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Dog bitten by cobra in California suburb

Snake charmer in India.
Snake charmer in India.
Photo by Mark Kolbe/Getty Images

Residents of Thousand Oak, CA are being warned to keep their pets indoors and their doors shut after a neighborhood dog was bitten by an escaped albino monocle cobra now slithering through the affluent suburb near LA. The snake (most likely an illegal pet) is described as extremely “dangerous and venomous.” Although generally not aggressive, the Cobra’s neurotoxin venom can kill within hours after it bites someone.” Anti-venom, however, is available from the San Diego Zoo, and will be immediately flown in if necessary.

The hooded viper was first seen and photographed Wednesday by the owner of the bitten dog.According to Brandon Dowling, spokesman for Los Angeles County, “the dog, named Kiko, was seen on television reports sporting a large red wound on its neck but otherwise appeared healthy.”

He also stated that the cobra, which is most active during cooler hours in the morning and evening, is “most likely hiding under a pile of junk or under vegetation, anywhere where it's dark, and will probably be backed up against something.” Anyone who sees it is being warned not to approach, try to capture or kill it.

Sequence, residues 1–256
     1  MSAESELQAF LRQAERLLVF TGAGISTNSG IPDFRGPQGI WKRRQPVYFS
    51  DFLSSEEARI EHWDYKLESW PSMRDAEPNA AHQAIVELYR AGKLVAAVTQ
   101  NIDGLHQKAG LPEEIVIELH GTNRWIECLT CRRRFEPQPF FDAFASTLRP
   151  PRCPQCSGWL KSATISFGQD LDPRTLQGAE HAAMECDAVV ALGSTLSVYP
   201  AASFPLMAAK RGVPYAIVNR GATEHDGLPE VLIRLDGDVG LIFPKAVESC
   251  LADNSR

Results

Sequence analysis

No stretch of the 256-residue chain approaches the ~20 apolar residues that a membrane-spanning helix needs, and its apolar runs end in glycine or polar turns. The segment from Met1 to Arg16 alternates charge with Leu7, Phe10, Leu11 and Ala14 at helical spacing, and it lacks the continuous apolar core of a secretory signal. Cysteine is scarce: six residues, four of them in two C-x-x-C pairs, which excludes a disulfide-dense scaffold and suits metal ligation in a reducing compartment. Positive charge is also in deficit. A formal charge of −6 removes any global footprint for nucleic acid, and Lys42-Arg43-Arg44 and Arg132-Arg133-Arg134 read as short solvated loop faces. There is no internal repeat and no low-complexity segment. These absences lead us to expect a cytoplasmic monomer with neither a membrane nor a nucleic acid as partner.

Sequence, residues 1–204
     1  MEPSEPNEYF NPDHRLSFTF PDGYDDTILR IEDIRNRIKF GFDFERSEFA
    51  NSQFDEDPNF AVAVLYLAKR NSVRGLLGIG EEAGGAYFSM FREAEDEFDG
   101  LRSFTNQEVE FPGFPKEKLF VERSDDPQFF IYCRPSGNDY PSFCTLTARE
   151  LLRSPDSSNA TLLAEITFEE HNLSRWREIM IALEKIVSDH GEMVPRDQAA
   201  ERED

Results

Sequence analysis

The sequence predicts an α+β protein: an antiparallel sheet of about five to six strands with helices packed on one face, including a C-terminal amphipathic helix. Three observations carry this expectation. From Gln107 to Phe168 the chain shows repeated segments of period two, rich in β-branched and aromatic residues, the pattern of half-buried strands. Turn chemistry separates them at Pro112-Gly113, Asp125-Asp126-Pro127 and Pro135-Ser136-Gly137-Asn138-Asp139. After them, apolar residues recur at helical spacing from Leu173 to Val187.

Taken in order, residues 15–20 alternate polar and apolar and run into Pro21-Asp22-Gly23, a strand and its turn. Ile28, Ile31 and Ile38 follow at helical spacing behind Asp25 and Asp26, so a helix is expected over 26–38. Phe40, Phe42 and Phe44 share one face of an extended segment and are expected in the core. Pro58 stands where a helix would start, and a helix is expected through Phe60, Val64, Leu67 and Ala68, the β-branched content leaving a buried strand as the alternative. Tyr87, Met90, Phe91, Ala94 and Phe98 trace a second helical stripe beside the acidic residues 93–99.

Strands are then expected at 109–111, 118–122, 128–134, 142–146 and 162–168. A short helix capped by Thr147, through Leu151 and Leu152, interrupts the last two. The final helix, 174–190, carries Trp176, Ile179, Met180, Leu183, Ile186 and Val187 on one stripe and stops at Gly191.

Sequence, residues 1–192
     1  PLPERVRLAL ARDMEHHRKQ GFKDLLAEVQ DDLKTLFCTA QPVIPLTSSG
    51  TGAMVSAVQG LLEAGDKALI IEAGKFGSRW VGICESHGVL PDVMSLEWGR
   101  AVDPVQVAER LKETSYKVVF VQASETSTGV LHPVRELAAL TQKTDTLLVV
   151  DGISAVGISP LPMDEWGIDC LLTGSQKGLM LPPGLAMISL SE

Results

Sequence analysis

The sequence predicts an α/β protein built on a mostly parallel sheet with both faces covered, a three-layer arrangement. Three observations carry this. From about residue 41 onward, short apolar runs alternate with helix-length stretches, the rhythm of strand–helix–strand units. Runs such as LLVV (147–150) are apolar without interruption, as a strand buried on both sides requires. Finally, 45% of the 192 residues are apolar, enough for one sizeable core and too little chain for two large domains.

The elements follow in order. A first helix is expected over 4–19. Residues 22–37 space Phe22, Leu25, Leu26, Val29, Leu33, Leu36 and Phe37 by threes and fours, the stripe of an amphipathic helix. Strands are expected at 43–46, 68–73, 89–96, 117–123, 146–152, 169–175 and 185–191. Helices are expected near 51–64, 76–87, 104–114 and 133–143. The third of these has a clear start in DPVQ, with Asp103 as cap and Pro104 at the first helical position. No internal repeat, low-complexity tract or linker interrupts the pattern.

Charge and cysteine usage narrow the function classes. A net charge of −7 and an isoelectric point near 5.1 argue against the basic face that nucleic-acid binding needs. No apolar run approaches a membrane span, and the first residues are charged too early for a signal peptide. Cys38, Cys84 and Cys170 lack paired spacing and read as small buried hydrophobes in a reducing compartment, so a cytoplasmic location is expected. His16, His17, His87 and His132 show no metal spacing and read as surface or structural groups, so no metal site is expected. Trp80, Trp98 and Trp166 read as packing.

Although this particular snake is all white, monocled cobras are recognized by the distinct O-shaped pattern on their hoods, as well as a pair of fixed anterior fangs. Adult snakes generally grow to be about 4.4- 4.9 ft, with tails a little over 9” long, although some can reach a maximum 7.5’ in length.Native to India, China, Vietnam andCambodia, they are also found in Bangladesh, Myanmar, Laos, Nepal, Bhutan, Thailand and the Malay Peninsula, it is illegal to keep them as pets in California except for educational and scientific purposes, and a permit is required. Even then, they are usually kept in double-locked cages.